Danish PM seeks change to UN asylum pact

Denmark's centre-right prime minister on Sunday said he would seek a revision of the UN Refugee Convention, as Europe faces its worst migration crisis since World War II.

Danish PM seeks change to UN asylum pact
Danish PM Lars Lokke Rasmussen appears on the TV2 channel. Photo: TV2/Screen Grab
“If this continues or gets worse… we will get to the point where we'll have to talk — and Denmark won't be able to do it alone — about adjusting the rules of the game,” Lars Lokke Rasmussen told TV2 television.
The Danish premier, whose Venstre party rules with the backing of the anti-immigration Danish People's Party (DPP) in parliament, said the 1951 treaty should be revised in order to clarify the rights of refugees in the first country they fled to.
“If someone seeking shelter from war has lived for two or three years in Turkey, should he then go to Europe and seek asylum there? As they stand today, the rules allow people to do that, but we are going to have a discussion about that,” he told the Danish television channel.
The prime minister believes the European Union, of which Denmark is a member, should lead an effort to modify the convention, which came into law just six years after World War II ended.
The Danish government's policies on migrants have triggered global controversy, most recently with a plan to seize migrants' valuables and cash.
The plan, which parliament will vote on in January, sparked comparisons to Nazi Germany's seizing of gold and valuables from Jews and others during World War II.
From January to November, 18,000 people requested refugee status in tiny Denmark, which is home to some six million people.  
Meanwhile neighbouring Sweden expects the number of requests for 2015 to climb to nearly 190,000.
According to the UN, Turkey is hosting more than two million Syrian refugees.


Denmark suspends asylum centre talks with Rwanda

Denmark now aims to work with other EU countries to transfer asylum seekers to centres outside Europe and has suspended talks with Rwanda as it no longer plans to go it alone, its migration minister said on Wednesday.

Denmark suspends asylum centre talks with Rwanda

The Scandinavian country’s plans, first announced by the previous Social Democratic government, called for people seeking asylum in Denmark to be transferred to reception centres outside the European Union while their requests were processed.

A law adopted in June 2021 did not specify which country would host the centre, but said asylum seekers should stay there even after they were granted refugee status.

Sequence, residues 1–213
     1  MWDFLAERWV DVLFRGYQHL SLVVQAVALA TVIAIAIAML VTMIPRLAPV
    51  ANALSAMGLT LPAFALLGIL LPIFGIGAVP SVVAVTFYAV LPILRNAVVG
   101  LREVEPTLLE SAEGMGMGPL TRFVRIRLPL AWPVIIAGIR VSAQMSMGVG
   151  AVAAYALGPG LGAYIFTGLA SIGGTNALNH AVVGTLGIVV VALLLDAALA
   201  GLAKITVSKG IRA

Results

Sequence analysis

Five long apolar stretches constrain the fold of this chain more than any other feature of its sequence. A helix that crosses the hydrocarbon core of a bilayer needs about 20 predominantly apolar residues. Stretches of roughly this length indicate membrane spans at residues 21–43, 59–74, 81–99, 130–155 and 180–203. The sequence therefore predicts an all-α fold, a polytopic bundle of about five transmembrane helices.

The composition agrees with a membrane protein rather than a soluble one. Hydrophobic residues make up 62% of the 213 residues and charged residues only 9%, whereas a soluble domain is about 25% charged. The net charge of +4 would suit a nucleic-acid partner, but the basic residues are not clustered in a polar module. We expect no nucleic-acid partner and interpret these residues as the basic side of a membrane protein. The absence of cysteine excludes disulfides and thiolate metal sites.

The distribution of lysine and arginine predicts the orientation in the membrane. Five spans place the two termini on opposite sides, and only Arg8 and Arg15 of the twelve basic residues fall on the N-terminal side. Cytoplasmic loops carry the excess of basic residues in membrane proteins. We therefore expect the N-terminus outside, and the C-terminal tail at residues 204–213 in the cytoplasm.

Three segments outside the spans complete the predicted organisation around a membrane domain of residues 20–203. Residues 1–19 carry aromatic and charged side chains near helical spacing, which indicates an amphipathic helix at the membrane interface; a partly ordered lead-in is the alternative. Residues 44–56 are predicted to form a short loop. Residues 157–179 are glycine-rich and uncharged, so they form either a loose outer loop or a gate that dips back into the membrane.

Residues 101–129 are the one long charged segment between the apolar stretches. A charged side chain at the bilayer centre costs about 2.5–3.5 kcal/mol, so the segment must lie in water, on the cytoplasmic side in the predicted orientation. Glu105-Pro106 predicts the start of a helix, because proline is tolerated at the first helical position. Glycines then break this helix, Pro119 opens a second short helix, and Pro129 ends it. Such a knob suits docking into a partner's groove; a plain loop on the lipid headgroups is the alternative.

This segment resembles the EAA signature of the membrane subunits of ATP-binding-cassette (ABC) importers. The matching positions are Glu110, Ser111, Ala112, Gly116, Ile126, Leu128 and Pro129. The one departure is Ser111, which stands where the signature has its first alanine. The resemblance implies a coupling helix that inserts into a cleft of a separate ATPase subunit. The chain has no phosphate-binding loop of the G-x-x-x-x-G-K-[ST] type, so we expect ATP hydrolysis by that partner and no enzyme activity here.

Discussions were launched with Rwanda and other countries, but they have now been suspended since the installation of a new Danish left-right government in December headed by the Social Democrats.

“We are not holding any negotiations at the moment about the establishment of a Danish reception centre in Rwanda”, Migration and Integration Minister Kaare Dybvad told daily Altinget.

“This is a new government. We still have the same ambition, but we have a different process”, he added. “The new government’s programme calls for the establishment of a reception centre outside Europe “in cooperation with the EU or a number of other countries”.

The change is an about-face for the Social Democrats, which had until now rejected any European collaboration, judging it slow and thorny.

“While the wider approach also makes sense to us, [Denmark’s change of heart] is precisely because there has been movement on the issue among many European countries”, Dybvad said. “There are many now pushing for a stricter asylum policy in Europe”, he said.


Inger Støjberg, leader of the Denmark Democrats said on Facebook that she was “honestly disgusted” by the government’s decision to delay plans for a reception centre in Rwanda, pointing out that Kaare Dybvad had said during the election campaign that a deal would be done with Rwanda within a year. 

“Call us old-fashioned, but we say the same thing both before and after an election. We stand firm on a strict immigration policy. The Social Democrats, Liberals and Moderates clearly do not,” she said. 

Lars Boje Mathiesen from the New Right Party accused the government of perpetrating a “deadly fraud” on the Danish people. 

“It is said in Christiansborg that it is paused. But we all know what that means,” he wrote on Facebook, accusing Danish prime minister Mette Frederiksen of “empty words” in the run-up to the election. 

In the face of this reaction, Dybvad told the Ritzau newswire that although talks with Rwanda were not happening at present, the government had not given up on a deal with the African nation. He also said that he was confident that asylum reception centres outside of the EU would be a reality within five years.

EU interior ministers are meeting in Stockholm this week to discuss asylum reform. Those talks are expected to focus on how to speed up the process of returning undocumented migrants to their country of origin in cases where their asylum bid fails.

Denmark’s immigration policy has been influenced by the far-right for more than 20 years. Even Prime Minister Mette Frederiksen, the head of the Social Democrats, has pursued a “zero refugee” policy since coming to power in 2019.

Copenhagen has over the years implemented a slew of initiatives to discourage migrants and made Danish citizenship harder to obtain. In 2020, it became the only country in Europe to withdraw residency permits from Syrians from Damascus, judging that the situation there was now safe enough for them to return.